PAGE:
Deviled Eggs: Simply Sophisticated

In Praise of a Classic

By Dara O’Brien
Creative Director, Lake Isle Press

The sight of a deviled egg transports me to the backyard barbecues of my childhood. This could be any barbecue on any occasion in any year, because whenever my dad put match to charcoal it meant just one thing: hamburgers and hot dogs, accompanied by baked beans and macaroni salad. Potato chips and deviled eggs were our appetizers.

It took me a while to try my mom’s deviled eggs because they had mayonnaise in them, and if you know anything about my history with food, you know that the list of things I would not eat when I was little is longer than Trump’s tax return. I don’t recall how I got past my distrust of the pillowy yellow swirl and began to eat them, but I did.

My parents never entertained, so except for other kids’ birthdays, these barbecues shaped my understanding of what to serve at a party. Appetizer = Deviled Eggs. Once I grew up and began to attend dinners and host some of my own, I had fun discovering all the different things apps could be. Sometimes you could even have a whole meal built around them.

You might say that for a while, I overcompensated. When I gave dinner parties, I would focus more on the appetizers than the meal itself. I’d serve copious combinations of apps that might include stuffed veggies, an onion tart, fruit and cheese, a hummus platter, shrimp, chicken satay, crudité, a frittata, bruschetta, empanadas, or paté-so many that the main course would be unnecessary (especially since I’d also include a soup or salad course to start).

Deviled eggs were noticeably absent from my rotating app menu. They were pedestrian; something you serve when you don’t know any better. I had moved on.

But every once in a while, I would attend a party, perhaps a potluck, where somebody would bring deviled eggs. I began to notice how delighted guests were by them, and how fast the egg plate emptied. I came to realize that, yes, deviled eggs are indeed homespun, and that’s a key to their appeal. Simple comforts can be so very satisfying.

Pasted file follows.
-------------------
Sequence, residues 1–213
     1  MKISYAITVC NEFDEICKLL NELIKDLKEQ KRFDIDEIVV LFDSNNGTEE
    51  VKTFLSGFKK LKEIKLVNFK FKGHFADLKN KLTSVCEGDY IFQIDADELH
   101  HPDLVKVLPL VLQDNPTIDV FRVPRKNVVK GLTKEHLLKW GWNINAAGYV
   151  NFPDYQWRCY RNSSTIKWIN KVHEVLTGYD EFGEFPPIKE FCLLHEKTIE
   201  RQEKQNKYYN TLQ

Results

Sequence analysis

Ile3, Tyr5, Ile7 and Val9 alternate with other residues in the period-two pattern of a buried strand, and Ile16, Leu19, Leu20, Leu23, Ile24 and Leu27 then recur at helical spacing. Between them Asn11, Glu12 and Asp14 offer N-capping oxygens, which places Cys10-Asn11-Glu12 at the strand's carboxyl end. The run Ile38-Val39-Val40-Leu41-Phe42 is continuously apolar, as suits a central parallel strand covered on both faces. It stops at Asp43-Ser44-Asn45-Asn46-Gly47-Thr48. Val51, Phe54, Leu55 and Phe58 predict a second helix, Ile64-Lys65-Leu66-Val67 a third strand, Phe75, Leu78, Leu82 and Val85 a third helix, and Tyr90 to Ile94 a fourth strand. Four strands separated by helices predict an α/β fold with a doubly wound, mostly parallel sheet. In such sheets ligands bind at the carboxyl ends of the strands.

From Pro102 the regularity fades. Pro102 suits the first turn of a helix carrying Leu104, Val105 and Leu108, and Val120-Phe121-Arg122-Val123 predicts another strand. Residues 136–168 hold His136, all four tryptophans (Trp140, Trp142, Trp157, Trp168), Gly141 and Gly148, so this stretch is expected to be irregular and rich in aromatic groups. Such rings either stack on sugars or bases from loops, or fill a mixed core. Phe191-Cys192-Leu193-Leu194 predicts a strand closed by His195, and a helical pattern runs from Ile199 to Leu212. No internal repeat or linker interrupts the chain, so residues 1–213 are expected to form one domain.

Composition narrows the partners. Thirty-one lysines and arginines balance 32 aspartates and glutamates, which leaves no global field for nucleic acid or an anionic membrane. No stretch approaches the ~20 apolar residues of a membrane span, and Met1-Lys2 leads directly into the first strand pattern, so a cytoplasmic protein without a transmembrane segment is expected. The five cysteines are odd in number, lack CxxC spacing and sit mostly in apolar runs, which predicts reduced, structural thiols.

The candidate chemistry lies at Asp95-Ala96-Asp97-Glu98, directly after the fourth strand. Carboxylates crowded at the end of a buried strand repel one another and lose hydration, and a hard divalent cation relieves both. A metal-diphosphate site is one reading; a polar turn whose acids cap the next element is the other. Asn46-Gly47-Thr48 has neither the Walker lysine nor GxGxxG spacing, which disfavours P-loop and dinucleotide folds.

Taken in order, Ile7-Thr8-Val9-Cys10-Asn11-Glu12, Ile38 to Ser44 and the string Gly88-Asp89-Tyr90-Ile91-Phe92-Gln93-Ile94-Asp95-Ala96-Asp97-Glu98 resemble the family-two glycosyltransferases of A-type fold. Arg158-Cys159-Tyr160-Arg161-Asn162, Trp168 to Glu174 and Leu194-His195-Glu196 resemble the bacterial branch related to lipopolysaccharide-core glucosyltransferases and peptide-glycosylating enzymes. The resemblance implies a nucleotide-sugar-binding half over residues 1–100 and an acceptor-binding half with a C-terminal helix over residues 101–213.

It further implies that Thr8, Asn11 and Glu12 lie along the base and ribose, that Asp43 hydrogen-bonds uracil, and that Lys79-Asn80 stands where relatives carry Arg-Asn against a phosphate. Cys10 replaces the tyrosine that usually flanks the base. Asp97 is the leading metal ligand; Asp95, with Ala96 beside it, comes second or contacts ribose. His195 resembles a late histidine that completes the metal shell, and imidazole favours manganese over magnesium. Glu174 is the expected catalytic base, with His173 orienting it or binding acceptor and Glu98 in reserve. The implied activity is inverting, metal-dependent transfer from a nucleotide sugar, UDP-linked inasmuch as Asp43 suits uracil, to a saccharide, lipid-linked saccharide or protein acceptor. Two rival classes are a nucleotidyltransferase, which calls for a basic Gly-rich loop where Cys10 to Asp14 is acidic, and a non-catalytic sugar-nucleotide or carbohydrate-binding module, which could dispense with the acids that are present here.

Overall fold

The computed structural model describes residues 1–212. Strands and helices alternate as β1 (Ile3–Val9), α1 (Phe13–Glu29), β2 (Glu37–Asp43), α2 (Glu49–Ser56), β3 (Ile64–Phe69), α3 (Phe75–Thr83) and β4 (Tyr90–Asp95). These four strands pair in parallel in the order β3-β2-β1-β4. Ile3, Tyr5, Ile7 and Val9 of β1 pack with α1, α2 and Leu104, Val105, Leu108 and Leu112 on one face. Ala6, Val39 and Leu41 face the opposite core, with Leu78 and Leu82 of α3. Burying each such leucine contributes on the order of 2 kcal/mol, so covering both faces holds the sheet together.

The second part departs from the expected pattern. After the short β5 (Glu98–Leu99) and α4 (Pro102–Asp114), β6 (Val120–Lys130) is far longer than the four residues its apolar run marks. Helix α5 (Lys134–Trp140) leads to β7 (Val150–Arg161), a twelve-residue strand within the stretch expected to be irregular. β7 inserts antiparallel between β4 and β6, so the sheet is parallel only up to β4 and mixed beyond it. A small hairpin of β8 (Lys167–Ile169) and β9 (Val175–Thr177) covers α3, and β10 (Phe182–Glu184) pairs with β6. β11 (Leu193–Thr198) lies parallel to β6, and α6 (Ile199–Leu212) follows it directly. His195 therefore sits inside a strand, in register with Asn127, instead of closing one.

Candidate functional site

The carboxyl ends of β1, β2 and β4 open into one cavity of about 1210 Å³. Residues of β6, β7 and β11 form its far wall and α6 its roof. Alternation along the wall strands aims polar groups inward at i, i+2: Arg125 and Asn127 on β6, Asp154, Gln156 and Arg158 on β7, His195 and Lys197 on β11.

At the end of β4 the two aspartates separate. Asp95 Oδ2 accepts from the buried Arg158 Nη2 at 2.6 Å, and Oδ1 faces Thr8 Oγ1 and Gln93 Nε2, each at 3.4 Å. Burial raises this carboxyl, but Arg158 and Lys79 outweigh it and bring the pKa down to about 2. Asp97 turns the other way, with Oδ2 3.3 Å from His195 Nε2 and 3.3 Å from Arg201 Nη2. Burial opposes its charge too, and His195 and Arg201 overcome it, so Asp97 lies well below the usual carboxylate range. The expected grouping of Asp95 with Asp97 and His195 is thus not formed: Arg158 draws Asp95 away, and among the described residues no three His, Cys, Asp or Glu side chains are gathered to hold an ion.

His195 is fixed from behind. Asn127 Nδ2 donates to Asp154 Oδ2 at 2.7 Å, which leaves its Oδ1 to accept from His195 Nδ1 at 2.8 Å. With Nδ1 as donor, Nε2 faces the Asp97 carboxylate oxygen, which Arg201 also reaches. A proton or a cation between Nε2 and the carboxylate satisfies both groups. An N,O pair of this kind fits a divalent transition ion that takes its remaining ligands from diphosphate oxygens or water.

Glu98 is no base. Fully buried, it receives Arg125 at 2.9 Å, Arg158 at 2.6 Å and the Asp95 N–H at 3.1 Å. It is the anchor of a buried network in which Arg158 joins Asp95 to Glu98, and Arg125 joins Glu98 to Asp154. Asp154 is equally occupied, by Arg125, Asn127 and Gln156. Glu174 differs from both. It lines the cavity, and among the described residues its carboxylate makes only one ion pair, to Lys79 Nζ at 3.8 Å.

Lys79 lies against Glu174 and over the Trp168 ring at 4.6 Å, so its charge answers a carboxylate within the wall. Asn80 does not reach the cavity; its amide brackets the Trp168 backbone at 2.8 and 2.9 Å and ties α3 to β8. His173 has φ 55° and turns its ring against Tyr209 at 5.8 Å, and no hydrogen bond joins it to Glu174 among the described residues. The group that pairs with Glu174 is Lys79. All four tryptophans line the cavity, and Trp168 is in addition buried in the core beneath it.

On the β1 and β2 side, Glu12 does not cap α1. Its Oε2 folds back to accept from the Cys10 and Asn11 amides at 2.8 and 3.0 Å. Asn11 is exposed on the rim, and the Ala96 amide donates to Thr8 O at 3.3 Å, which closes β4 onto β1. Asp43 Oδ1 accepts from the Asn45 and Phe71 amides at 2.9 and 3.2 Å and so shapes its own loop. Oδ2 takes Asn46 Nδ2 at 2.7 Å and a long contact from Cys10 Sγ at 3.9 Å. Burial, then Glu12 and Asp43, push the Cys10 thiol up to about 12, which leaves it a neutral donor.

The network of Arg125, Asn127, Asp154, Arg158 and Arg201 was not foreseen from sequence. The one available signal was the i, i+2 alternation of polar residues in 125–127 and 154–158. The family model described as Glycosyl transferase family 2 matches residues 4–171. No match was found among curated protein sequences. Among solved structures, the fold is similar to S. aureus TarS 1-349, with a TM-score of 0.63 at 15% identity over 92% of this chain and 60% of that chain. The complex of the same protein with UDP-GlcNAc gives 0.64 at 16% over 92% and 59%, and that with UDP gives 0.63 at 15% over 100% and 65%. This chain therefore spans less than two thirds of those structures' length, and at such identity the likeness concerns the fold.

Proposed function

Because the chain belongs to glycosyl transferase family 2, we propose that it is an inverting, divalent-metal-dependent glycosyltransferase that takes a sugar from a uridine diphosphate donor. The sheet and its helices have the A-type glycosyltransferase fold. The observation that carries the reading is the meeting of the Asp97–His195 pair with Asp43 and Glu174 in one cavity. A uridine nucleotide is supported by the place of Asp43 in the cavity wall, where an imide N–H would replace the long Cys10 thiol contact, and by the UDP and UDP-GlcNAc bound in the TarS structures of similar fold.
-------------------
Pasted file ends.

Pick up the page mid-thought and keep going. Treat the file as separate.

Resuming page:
Satisfaction isn’t always easy to come by in our age of COVID. As I write this we face many more months of lockdown and distancing, even as we hope to be turning the corner on the pandemic. We are also eyeing the end of 2020, which cannot come fast enough for most of us. Reason enough to celebrate in a simple, but satisfying way-perhaps that’s actually the most appropriate choice. Time to put some eggs on to boil and get the ice bath ready.

There are scores of variations on deviled eggs. These little vessels can accommodate additions that range from simple (chives) to sophisticated (caviar). You may well have a favorite, but if you don’t, here’s a classic recipe by Catherine Walthers from her Lake Isle Press book, “Soups and Sides.”

Deviled Eggs



4 eggs
1/4 cup mayonnaise
1 tablespoon chopped fresh chives
Pinch of cayenne


1. Place eggs in a medium saucepan and fill with enough cold water to cover the eggs by 2 inches. Bring to a boil. Turn off the heat, cover, and let eggs remain in pan for 10 minutes. Remove the eggs and place them in a bowl of cold water to cool before removing the shells.

2. Carefully slice the eggs in half lengthwise. Remove the yolks and place in a small bowl. Mash well with a fork and mix in the mayonnaise, chives, salt to taste, and a pinch of cayenne. Mix until smooth.

3. Place filling in a pastry bag and pipe back into the egg white halves.

Recipe from “Soups + Sides” by Catherine Walthers, Lake Isle Press, 2010

Originally published at on December 30, 2020.

Dara O’Brien is the Creative Director of Lake Isle Press. When she isn’t cooking or writing about cookbooks, she writes plays and sometimes acts in them.

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